Prior to 2013, I had one Ironman and 17 marathon finishes on my resume, qualifying for Boston in nearly all of them, and I’ve been fortunate enough to finish Boston four times. After my most recent marathon in 2010, New York, I shifted my focus away from marathons, both because of injury and because of a choice to focus on triathlons, but in the fall of 2012 I caught the bug again. I got the idea to try and re-qualify for 2014, to run Boston just after my 40th birthday with my husband, who would attempt to BQ with me. I thought it would be a great way to enter my 40s, and better yet, since my birthday is right before the 2014 race day, I could add an extra 5 minutes to my qualifying time and run a 3:45.
And I can’t think of a better place to do it than Eugene!
Ever since I can remember, I have always wanted to visit Eugene, Oregon, nicknamed “Track Town, USA.” My husband has too, and we decided to target the Eugene Marathon for our 2014 BQs. We signed up and started training. Like all marathon training cycles, we endured good and bad workouts, uncooperative weather conditions and doubt. It had been awhile, but I was enjoying the focus on the marathon again, making a conscious effort to not stress out about training.
During my peak week in early April, I noticed a soreness in the second/third metatarsal area of my right foot. I had completed my normal training runs that week in Florida while visiting my parents, but the day before my final 20 miler, my right foot was unusually sore. Having had a stress fracture in that same area in 2011 I knew something wasn’t right.
I swam that afternoon, and every time I pushed off the wall, it hurt. I made the tough call to bag my long run and just rest, promising myself to not run for one week. I made an appointment with my sports doctor, who poked around at my foot, did some tests and ruled out a stress fracture, but without any imaging it was difficult to diagnose the issue. He decided to treat it as a stress reaction, which is the early stages of a stress fracture. He urged me to take off one more week from running, but to cross-train unless it hurt. I should ice and not take anti-inflammatories, since they inhibit bone healing. My first run back was to be on grass, super easy and no more than 20 minutes. If it felt fine, I could increase slightly over the next week before the marathon.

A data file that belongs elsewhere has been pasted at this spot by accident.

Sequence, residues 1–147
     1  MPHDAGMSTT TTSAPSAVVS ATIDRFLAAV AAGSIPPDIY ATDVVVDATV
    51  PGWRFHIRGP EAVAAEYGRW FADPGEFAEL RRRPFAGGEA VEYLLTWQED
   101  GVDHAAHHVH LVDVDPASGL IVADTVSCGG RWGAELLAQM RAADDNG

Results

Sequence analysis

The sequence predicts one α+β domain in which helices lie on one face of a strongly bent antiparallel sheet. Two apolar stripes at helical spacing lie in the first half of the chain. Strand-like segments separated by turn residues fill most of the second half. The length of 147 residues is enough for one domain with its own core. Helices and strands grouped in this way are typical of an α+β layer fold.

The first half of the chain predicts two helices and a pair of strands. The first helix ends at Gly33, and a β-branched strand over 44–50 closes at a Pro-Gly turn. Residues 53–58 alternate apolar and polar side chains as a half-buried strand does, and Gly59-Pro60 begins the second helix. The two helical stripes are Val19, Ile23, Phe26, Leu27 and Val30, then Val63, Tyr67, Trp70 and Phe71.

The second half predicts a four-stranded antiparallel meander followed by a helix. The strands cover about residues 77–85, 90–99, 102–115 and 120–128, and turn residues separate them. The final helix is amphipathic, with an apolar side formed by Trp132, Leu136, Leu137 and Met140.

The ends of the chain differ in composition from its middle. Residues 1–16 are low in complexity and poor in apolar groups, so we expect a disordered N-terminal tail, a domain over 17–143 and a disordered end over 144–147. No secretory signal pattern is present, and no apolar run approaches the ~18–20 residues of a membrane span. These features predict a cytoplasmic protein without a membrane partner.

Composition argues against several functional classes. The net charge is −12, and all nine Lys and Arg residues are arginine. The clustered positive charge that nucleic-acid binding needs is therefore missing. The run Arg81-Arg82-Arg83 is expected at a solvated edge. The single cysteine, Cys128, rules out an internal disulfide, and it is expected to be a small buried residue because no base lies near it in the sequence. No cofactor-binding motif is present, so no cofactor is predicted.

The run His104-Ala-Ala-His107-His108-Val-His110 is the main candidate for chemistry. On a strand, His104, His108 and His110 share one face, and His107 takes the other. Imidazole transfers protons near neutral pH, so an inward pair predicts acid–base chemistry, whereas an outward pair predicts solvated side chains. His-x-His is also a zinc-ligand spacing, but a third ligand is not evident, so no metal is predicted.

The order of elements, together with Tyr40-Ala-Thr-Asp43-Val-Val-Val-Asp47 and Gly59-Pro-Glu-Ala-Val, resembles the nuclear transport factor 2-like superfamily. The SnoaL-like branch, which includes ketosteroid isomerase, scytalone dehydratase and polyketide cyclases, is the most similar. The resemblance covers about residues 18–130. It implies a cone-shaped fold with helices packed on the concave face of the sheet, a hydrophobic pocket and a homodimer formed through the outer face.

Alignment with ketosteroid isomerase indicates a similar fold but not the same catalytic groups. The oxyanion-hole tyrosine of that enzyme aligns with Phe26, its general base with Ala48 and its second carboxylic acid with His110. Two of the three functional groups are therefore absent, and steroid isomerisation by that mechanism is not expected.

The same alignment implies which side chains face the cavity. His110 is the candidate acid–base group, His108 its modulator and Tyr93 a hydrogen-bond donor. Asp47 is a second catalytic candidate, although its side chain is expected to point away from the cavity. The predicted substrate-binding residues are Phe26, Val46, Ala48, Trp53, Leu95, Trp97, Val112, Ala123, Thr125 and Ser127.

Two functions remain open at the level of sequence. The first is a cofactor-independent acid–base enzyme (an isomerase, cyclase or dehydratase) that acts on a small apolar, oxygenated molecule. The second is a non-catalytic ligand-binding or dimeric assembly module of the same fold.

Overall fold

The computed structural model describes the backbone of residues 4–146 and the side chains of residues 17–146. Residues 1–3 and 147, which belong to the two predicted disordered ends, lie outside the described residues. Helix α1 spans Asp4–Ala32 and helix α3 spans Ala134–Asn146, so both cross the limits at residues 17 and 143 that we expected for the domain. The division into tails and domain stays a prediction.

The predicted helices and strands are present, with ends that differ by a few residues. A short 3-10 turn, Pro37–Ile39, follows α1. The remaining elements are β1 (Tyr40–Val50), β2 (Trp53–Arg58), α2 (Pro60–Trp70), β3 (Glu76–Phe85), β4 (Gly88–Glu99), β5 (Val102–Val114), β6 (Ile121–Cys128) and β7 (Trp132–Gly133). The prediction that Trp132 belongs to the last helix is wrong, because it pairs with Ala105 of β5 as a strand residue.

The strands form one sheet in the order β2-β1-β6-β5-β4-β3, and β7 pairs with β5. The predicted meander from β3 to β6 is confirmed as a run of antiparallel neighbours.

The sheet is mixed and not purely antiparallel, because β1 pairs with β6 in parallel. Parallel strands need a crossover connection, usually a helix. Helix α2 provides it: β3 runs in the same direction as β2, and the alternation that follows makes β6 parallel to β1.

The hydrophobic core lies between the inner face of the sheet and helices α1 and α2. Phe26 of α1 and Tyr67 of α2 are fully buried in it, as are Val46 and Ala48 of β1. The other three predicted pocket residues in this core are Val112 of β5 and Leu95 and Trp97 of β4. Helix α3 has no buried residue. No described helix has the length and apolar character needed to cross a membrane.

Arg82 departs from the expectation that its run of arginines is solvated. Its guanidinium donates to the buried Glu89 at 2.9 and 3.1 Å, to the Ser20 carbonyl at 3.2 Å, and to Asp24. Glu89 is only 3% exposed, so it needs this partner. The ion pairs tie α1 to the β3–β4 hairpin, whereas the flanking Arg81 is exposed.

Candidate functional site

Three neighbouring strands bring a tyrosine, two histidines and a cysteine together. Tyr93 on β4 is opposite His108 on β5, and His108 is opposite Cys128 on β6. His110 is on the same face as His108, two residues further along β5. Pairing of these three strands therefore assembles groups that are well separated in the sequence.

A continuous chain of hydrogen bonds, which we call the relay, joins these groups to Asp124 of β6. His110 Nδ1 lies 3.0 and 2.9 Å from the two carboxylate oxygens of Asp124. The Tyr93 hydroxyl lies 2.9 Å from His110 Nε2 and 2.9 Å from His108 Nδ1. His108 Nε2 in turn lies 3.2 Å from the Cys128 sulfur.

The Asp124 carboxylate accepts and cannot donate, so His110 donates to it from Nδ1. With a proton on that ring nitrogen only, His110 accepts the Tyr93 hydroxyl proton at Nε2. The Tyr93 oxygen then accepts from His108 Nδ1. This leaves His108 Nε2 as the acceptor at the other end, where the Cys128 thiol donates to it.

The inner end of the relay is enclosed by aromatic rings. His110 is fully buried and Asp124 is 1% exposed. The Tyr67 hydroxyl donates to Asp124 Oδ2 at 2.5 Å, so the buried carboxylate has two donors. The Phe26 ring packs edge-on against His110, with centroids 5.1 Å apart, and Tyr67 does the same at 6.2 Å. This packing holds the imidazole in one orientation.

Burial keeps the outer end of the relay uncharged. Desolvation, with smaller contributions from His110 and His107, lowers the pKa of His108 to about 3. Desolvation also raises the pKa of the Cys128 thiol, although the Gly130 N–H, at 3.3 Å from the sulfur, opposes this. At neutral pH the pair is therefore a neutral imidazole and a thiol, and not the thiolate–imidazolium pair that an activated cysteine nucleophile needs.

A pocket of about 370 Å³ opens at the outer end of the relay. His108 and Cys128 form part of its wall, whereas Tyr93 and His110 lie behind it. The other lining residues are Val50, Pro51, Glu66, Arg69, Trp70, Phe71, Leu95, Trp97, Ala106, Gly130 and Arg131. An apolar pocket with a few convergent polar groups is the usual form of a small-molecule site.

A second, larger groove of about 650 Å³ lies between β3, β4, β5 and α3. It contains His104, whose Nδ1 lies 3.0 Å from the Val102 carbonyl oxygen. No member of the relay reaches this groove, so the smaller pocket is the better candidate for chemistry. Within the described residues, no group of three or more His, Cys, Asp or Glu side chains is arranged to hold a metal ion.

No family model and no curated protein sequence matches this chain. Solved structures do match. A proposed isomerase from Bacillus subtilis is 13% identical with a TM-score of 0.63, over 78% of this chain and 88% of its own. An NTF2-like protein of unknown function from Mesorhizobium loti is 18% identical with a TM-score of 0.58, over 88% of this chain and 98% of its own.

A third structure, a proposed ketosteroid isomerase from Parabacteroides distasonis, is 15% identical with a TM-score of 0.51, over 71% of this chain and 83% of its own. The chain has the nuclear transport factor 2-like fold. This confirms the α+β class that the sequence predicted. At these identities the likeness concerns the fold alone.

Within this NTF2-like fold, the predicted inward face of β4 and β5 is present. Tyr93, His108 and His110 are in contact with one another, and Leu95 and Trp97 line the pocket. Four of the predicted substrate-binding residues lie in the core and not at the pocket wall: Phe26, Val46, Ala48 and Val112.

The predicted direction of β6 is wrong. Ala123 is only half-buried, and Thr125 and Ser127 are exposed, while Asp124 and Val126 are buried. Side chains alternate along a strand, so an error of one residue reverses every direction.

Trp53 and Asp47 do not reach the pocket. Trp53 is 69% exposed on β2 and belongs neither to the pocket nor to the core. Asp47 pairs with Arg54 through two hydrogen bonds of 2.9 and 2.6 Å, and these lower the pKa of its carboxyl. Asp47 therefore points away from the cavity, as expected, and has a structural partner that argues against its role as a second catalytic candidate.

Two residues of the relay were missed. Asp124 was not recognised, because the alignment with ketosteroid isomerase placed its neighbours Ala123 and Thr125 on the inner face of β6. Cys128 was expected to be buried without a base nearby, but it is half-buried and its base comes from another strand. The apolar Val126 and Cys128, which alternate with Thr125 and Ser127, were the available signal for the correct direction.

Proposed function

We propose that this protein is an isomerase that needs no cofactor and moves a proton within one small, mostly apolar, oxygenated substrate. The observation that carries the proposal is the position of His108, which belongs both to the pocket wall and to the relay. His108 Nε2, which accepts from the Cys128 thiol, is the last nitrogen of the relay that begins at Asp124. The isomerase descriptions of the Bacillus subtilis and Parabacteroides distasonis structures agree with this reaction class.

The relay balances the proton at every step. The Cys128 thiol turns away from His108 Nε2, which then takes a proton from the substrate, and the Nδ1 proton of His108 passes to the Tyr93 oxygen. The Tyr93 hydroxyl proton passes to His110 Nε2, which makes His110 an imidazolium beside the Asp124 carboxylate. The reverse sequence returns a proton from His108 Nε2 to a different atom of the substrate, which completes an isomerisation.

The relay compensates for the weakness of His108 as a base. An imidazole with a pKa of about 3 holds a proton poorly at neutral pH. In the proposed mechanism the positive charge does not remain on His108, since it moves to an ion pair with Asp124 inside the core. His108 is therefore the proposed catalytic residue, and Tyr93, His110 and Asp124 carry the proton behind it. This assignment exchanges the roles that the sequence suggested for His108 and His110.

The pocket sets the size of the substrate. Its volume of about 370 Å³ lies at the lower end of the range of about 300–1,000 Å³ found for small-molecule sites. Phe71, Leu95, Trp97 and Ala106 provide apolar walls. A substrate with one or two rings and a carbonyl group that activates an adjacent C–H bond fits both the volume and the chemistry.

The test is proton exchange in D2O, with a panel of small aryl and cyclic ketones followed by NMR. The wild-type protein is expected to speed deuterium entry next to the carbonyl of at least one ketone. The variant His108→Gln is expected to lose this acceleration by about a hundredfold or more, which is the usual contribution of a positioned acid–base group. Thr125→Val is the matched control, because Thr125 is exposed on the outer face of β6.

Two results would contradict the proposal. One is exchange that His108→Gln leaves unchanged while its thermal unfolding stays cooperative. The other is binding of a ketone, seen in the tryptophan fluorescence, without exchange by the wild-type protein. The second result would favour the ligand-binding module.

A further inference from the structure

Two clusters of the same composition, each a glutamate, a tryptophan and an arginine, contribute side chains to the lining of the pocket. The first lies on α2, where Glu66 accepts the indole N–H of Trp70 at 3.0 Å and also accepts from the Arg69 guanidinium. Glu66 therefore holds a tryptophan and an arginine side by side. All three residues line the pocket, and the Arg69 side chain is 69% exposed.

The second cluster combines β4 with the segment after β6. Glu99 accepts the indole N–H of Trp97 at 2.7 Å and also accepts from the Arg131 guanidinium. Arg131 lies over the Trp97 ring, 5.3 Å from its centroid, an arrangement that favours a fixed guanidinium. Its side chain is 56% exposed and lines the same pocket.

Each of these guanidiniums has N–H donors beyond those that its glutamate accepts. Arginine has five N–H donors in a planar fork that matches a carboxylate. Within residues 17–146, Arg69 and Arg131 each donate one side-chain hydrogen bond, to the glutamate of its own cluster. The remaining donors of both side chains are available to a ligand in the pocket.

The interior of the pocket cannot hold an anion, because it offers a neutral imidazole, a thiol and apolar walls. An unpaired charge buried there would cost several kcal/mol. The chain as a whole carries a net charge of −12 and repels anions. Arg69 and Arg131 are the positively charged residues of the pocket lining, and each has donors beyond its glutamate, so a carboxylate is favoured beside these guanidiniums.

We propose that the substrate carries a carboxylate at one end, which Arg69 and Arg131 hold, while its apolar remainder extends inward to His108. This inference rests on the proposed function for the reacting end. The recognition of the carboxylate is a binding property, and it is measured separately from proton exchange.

Fortunately, the test run went well, and I felt ready to tackle the marathon. My husband and I agreed that I should drop during the race if my foot flared up.
Eugene is a quaint, college town, very green and bicycle-friendly. It’s about two hours south of Portland and about 90 minutes’ drive from the Pacific coast. There are several national parks and mountain areas just to the east as well, making the area ideal for a running vacation. Planning a few extra days to tour the area is highly recommended!
We arrived Friday evening before the race and ventured around the town both Friday and Saturday, checking out lots of shops and restaurants and hitting up Eugene’s amazing Saturday morning farmer’s market. We loved the University of Oregon, especially the amazing track facility, and it was so cool to do our Saturday morning shakeout run on Pre’s Trail, which comprises a part of the marathon course.